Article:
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Role of visual information in speech perception/production development

We explored how visual information aids the early acquisition of linguistic sound patterns. First, we explored infants’ sensitivity to visual speech information that is visible in a talking face. Development in infants’ own motor movements (sucking, babbling…) was found to correlate with the way these visual articulations are perceived. Second, we showed that infants can use the presence of a salient visual cue when hearing speech sounds in the learning/categorization of speech sounds. In sum, visual information relevant to speech learning comes from both face-to-face interactions, and from seeing objects labeled/discussed in everyday situations. Infants use these two types of cues to learn about speech perception and production.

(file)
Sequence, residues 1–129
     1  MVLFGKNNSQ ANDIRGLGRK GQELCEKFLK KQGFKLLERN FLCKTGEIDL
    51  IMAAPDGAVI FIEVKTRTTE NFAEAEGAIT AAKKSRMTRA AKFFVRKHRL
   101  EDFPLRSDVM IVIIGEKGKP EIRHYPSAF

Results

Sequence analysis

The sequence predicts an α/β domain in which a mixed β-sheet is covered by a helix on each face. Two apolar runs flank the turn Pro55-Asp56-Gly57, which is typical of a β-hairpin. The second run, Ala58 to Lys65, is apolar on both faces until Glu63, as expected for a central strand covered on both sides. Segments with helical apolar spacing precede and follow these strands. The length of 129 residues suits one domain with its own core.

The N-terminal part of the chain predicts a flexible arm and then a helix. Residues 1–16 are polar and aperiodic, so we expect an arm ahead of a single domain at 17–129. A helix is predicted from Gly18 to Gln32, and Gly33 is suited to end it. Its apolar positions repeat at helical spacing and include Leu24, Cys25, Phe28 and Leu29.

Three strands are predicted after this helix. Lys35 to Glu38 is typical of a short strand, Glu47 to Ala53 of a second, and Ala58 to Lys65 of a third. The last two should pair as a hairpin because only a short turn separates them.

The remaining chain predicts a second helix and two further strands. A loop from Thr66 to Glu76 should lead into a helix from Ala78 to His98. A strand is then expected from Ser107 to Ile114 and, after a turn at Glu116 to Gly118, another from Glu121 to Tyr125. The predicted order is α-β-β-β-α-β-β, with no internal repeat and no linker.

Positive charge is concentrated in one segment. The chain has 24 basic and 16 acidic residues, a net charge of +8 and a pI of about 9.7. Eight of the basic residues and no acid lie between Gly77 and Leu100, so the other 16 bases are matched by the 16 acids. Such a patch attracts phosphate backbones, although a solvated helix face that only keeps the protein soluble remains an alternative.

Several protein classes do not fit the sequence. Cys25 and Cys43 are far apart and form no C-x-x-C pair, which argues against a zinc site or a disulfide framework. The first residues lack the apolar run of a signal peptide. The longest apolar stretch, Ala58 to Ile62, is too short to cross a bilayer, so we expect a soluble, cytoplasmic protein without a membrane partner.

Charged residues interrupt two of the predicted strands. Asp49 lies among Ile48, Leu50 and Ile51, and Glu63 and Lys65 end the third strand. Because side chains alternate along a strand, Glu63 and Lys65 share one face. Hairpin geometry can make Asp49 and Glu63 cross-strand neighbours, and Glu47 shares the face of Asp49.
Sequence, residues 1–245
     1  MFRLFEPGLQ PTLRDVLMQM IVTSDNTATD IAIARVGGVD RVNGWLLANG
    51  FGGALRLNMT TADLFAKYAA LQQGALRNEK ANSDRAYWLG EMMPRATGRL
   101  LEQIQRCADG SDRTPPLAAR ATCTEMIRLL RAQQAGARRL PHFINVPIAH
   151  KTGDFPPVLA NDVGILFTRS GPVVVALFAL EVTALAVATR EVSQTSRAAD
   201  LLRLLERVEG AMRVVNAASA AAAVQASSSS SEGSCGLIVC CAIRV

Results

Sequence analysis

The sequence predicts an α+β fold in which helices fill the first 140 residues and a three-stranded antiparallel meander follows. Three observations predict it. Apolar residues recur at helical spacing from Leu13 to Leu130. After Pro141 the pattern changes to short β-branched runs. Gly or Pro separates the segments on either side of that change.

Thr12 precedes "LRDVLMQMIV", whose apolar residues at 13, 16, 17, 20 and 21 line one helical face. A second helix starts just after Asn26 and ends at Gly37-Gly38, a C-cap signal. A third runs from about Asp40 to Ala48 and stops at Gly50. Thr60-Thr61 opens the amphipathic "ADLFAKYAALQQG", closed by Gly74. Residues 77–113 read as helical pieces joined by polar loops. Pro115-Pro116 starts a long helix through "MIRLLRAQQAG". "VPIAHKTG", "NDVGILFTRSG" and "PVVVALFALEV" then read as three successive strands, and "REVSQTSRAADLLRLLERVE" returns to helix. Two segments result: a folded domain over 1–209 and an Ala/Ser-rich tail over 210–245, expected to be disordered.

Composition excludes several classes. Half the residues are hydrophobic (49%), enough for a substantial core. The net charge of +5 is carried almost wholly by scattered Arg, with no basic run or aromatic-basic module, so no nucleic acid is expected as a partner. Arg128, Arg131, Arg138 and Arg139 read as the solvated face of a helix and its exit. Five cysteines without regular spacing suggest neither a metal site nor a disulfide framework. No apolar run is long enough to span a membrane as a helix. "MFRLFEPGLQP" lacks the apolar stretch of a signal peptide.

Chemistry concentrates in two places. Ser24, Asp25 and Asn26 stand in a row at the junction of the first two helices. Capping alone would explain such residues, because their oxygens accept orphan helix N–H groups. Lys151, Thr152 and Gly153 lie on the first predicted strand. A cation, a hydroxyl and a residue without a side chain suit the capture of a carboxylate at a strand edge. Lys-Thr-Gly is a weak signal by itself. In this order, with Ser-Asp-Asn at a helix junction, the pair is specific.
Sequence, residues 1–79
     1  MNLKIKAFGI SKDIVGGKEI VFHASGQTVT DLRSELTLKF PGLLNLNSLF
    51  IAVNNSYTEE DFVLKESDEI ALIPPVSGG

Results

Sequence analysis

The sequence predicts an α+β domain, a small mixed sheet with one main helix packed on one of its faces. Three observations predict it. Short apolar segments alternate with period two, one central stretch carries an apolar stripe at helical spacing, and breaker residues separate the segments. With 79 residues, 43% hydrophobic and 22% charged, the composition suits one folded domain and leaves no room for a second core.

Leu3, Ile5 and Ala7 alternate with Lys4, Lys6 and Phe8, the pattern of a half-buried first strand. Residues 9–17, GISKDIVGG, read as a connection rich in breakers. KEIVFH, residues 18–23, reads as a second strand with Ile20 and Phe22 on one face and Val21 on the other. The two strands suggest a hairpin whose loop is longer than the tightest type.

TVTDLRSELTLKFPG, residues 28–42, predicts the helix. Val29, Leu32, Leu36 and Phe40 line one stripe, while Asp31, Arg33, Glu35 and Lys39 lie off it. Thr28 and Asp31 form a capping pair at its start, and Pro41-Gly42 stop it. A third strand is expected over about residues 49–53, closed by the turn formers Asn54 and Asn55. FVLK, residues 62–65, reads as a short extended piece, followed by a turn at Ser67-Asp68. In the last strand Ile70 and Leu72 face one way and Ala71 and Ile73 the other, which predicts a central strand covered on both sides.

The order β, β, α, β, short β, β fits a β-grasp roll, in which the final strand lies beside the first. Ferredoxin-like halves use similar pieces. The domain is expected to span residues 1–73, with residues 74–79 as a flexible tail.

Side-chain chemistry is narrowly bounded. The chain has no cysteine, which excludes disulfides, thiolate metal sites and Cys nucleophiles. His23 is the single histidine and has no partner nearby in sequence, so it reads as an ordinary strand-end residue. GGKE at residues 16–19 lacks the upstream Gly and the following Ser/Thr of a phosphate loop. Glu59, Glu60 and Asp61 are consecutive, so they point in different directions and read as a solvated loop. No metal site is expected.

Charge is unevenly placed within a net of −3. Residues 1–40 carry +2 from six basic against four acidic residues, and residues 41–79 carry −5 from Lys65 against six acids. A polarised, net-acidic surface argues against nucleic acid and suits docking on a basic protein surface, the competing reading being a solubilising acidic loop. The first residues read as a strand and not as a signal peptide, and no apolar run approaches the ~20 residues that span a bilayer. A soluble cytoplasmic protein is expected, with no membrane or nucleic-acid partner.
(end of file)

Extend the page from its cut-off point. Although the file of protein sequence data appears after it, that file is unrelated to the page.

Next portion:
Project team lead
Thierry Nazzi
Project team lead
Arlette Streri